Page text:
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Campaign continues for new women’s shelter

The Domestic Violence and Rape Crisis Center campaign for a new facility has been set back by state budget issues, though it continues to push ahead.

The Domestic Violence and Rape Crisis Center campaign for a new facility has been set back by state budget issues, though it continues to push ahead.

While a proposed financial award of $750,000 from the North Dakota Oil and Gas Impact Grant Fund program was suspended before it could reach the center, administrators there are now working with the Roosevelt-Custer Regional Council for Development to secure a federal Community Development Block Grant that would add $500,000 to the project’s coffers.

Dariann Johnson, the center’s executive director, said the groundbreaking for the new facility was originally planned for this month but was delayed after the grant from the state was frozen as part of a total of $14 million in unfunded grants already awarded by the program.

Johnson said it will now hopefully begin next spring with the help of the federal funding.

“With the CDBG money comes some strings, because it’s money tied to (the U.S. Department of Housing and Urban Development),” Johnson said. “It makes the building just a little more complicated, but nothing that we can’t handle.”

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The proposed building in question is a new 30-bed facility designed to replace the center’s current 18-bed structure to accommodate an increased number of temporary female residents and their children.

Rhonda Dukart, the center’s head of fundraising, said the center’s board revised its building plans to save on costs when the oil impact grant money was suspended.

What was originally planned as a two-story building to divide out the various functions of the center, Dukart said, has been revised down to one-story.

Including the block grant money, which is not yet fully guaranteed, Dukart said the center has $2.2 million in raised project funds. That sum includes $1 million committed by the city of Dickinson to be drawn from the city’s 1 percent sales and use tax, of which 30 percent is earmarked for capital improvements intended to increase the social and economic vitality of the city and region. The municipal money would be distributed over a period of up to three years.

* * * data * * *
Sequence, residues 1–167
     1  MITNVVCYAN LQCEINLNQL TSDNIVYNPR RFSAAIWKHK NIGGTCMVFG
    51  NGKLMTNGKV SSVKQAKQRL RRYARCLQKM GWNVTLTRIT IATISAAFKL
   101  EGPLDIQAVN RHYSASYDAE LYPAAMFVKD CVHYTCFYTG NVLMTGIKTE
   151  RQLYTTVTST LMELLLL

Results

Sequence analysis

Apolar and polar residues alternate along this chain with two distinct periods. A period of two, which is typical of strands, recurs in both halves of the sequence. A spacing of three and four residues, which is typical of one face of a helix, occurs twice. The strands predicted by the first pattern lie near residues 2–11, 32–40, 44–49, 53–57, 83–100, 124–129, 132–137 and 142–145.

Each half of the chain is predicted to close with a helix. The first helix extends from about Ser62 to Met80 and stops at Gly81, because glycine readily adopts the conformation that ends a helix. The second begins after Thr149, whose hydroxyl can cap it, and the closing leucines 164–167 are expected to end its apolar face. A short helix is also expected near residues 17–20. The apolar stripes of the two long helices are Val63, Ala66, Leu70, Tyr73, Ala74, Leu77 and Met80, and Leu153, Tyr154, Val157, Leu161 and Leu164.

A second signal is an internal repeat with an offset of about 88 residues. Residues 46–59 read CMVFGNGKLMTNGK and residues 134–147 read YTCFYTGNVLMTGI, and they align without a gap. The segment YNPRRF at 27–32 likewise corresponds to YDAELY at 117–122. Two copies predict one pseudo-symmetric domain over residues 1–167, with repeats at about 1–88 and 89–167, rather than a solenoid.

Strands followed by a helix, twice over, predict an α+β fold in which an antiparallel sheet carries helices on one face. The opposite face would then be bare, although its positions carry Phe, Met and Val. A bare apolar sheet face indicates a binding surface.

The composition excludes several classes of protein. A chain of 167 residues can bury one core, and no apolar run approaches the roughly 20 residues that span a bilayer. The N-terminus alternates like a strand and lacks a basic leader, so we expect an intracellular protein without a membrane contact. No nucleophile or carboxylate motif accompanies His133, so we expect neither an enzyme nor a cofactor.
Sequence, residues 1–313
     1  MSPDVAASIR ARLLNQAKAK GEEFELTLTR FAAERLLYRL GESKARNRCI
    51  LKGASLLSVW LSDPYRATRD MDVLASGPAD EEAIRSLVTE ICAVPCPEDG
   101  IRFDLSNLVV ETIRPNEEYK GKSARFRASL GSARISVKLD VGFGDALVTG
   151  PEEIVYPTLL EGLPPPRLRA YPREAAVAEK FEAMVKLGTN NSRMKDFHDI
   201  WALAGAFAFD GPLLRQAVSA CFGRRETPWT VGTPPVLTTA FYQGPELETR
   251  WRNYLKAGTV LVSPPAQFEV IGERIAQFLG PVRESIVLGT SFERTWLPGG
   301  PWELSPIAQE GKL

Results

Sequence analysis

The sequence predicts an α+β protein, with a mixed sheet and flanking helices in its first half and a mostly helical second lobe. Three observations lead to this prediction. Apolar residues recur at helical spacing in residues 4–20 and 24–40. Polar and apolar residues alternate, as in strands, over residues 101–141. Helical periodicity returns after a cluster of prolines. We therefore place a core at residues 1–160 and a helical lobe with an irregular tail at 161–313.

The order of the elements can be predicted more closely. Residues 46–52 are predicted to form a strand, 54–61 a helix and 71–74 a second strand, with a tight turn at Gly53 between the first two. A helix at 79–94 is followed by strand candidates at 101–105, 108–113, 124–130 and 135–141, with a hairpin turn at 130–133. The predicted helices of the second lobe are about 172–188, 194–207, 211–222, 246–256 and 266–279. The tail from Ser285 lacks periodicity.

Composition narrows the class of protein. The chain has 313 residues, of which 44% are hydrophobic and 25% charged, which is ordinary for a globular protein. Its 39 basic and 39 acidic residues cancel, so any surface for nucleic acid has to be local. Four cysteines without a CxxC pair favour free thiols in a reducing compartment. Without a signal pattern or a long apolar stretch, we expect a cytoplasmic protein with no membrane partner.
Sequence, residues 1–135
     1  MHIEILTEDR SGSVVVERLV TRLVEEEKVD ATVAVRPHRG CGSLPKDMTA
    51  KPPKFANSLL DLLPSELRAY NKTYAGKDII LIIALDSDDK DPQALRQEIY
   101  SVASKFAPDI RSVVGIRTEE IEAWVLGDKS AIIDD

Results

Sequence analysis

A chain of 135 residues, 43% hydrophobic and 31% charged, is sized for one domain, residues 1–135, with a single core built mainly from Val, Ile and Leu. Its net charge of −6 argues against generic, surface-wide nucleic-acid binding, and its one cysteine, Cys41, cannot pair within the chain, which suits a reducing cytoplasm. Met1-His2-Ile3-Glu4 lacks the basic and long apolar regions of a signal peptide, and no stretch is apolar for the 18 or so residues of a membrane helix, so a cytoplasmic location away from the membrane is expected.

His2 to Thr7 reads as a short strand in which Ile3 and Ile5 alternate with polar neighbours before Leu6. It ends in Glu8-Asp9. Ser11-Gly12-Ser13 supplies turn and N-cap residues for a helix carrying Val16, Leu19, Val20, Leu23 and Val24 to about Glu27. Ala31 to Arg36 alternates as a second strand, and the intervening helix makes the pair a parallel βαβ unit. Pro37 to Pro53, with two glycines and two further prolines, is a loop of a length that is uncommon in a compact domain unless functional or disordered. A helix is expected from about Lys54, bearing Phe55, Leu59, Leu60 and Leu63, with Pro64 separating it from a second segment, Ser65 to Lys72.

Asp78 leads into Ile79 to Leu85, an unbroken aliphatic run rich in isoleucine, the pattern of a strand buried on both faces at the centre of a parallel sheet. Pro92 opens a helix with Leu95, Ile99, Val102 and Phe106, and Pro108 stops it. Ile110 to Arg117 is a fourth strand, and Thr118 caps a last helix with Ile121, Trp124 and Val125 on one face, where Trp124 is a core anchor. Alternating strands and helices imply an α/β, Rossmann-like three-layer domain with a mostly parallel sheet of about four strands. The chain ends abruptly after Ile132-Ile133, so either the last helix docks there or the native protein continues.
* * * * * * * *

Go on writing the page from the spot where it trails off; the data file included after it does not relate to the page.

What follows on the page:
The land for the proposed facility has been donated to the center by CHI St. Alexius Hospital and is on the hospital’s grounds.

Dukart said the center hopes to raise $3 million, which she said will cover the costs of construction outright.

“The goal is that we will be able to raise the rest of the funds by February 2017, so we can break ground right away next spring,” she said. “If some generous donor out there wanted to bring us a check, we’d start next fall.”

Dukart said she and the others at the center were optimistic that the frozen state funding would be opened up in the next session of the state Legislature.

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If that $750,000 was cleared to come to Dickinson, she said, the center would be in a position to start building “as soon as the ground thawed next year.”

Dukart encouraged any interested member of the public to call the center for more information on the project and its fundraising goals.

Gene Buresh, executive director of the Roosevelt-Custer Regional Council for Development, appeared before the Dickinson City Commission last Monday to seek city sponsorship of the project. Buresh said CDBG projects require local governments to sponsor any project that would receive funds and complete an application for the grant money.

“It’s a technicality,” Buresh said. “The money goes from the Department of Commerce to us, then to whoever’s handling the money for the actual project. There’s no obligation to the city.”

Currently, he said, the development council is in the process of completing an environmental survey and, when that’s done, construction would be cleared to begin.

Right now, it’s still unclear when exactly ground could be broken. Johnson said she was “disappointed, but hopeful” with the recent series of events.

“It was disappointing to not be able to break ground and be able to go forward right away, and yet, having this extra time will give us the ability to do things right,” she said.

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